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Natural Connections

Modern life in Scotland is increasingly busy. The connections our ancestors had with nature and the land are being lost. As leisure time shrinks, or is filled with hi-tech experiences, opportunities to experience nature become fewer. And yet it is possible to connect with nature on a day to day basis. All around us, the great web of life continues to hold its shape, and nature continues its eternal cycles. Keep looking, listening, smelling, touching - and keep experiencing natural connections.

Wednesday, December 31, 2008

Most notable record of the day was at 1:15 this morning - a Male Tawny Owl calling for 5 minutes from the wood next to the house.
Highlights of a late afternoon TTV were as follows:
Five Cormorants (4 ads and a juvenile) roosting in a tree beside the Cart between Corkerhill and Mosspark stations.
A flock of 50 to 100 Siskins in Poplars behind Lourdes Primary School.
Two Goosanders fishing the Levern Water in the middle of Pollock.
Sizeable flocks (8+) of Goldfinches and Greenfinches.

Tuesday, December 30, 2008

A bitterly cold day in West Central Scotland with the prospect of the same tomorrow. No natural connections today due to work commitments. However the Coal Tits at the garden feeder kept me company, coming and going virtually all day.
Naturalresolutions for 2009:
  • Find the nesting sites of the Rooks which frequent the shops at Crookston Cross and the Swifts which scream over Crookston Hotel.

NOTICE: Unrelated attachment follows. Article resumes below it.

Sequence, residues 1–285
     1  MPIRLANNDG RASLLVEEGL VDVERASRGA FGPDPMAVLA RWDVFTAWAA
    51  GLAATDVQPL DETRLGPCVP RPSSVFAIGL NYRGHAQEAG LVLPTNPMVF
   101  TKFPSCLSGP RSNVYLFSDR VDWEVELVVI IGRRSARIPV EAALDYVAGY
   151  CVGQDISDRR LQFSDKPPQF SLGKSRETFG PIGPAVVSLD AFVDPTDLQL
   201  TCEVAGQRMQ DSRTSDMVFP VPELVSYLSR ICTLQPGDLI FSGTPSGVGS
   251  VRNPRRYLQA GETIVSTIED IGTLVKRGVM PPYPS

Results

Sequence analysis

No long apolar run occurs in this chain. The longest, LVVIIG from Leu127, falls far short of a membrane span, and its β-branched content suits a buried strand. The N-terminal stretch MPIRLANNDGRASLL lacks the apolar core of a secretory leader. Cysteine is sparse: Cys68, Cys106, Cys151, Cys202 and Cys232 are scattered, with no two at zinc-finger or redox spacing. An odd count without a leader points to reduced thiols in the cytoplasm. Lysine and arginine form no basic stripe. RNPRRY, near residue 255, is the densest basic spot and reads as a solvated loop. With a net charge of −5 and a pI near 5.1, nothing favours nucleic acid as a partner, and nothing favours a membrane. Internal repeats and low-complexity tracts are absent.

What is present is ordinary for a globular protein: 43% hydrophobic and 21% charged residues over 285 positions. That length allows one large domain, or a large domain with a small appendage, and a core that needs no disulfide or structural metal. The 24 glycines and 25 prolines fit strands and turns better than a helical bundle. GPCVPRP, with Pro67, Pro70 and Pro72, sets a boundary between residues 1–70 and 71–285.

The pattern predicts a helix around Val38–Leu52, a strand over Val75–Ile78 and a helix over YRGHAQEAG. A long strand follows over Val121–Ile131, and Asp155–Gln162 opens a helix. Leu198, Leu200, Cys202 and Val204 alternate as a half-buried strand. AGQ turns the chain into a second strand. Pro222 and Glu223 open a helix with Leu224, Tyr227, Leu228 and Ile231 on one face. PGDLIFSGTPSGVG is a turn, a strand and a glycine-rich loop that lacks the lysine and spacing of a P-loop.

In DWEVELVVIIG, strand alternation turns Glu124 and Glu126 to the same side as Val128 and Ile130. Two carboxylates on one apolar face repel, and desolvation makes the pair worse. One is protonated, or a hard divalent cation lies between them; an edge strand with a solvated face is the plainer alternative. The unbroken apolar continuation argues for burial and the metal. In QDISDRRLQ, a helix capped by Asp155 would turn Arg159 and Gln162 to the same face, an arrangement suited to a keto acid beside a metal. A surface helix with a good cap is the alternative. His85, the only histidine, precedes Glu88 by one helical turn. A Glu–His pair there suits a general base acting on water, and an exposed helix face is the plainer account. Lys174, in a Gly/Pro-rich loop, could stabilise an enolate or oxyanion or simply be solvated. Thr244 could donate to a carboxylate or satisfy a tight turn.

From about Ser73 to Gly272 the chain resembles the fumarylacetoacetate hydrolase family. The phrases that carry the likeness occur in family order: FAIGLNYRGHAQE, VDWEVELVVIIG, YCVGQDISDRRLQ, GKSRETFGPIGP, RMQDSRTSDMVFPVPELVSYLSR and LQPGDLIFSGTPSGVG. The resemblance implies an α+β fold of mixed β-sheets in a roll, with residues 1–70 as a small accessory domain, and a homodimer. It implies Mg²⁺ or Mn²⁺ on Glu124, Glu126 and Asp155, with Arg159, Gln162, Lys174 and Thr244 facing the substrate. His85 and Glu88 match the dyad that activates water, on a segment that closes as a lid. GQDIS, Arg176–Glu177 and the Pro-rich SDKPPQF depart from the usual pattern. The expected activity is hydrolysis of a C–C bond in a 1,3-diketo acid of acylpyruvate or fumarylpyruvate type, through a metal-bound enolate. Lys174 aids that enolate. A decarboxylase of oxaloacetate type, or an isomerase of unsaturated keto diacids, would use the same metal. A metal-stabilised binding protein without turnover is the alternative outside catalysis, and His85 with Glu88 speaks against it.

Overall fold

• Do a proper count of the House Martins nesting in Cardonald Gardens.
  • Add Sand Martin to the patch list.
  • Learn the difference between immature Herring and Lesser black backed Gulls.
  • Check out local woods for calling Tawny Owls.
  • Extend my coverage to the whole tetrad which contains "my" 1km square.

Monday, December 29, 2008

A cold, settled day meant good viewing conditions at Murdieston Dam, but surprisingly few birds. The usual Pochards and Goosanders were nowhere to be seen. However there were two new Mute Swans and numbers of Herring and Common Gulls were substantially up.

Sunday, December 28, 2008

Another sunny winter's day, this time spent in Troon. A quick walk along the seafront revealed nothing unusual. Similarly, an afternoon walk in Fullarton Woods was notable for the virtual absence of any bird-life.

Saturday, December 27, 2008

A positive "finch-fest" along the Cart this morning with 5 Goldfinches, a Chaffinch, a Greenfinch and 3 Bullfinches (the latter my first for my home 1km square) all in a single stretch of scrub. On the river, a Cormorant was the first of the winter. Twenty corvids were squawking loudly in a tree next to the Rosshall School bridge, although the reason wasn't apparent.Singers today included Greenfinch, Song Thrush, House Sparrow, Blue and Great Tit, Robin and Blackbird.
Along the M8 to Edinburgh, a Cormorant was flying up the Almond and roadside Buzzards were at the beginning and middle of the bypass. Later, a dusk walk near Arthur's Seat was notable for a glorious orange sunset, around 300 Jackdaws going to roost at Bawsinch and a calling Tawny Owl along Meadowfield Drive.

Friday, December 26, 2008

A colder day today, with fewer birds on show along the Cart. Most notable was a female Sparrowhawk being chased by a couple of Carrion Crows.

Thursday, December 25, 2008

A mild Christmas day today prompted a Wren and a Woodpigeon to sing. Meanwhile, in the woods near Howford Bridge, the first Snowdrops are starting to emerge. Most unusual find on the walk along the Cart was a pair of Little Grebes (I have never seen more than one here) displaying to eachother.

Wednesday, December 24, 2008

A mild day started with a Song Thrush singing under the streetlights at the entrance to the estate. Later one of the local Woodpigeons was putting on an aerial display and a second Song Thrush was singing in trees behind the house.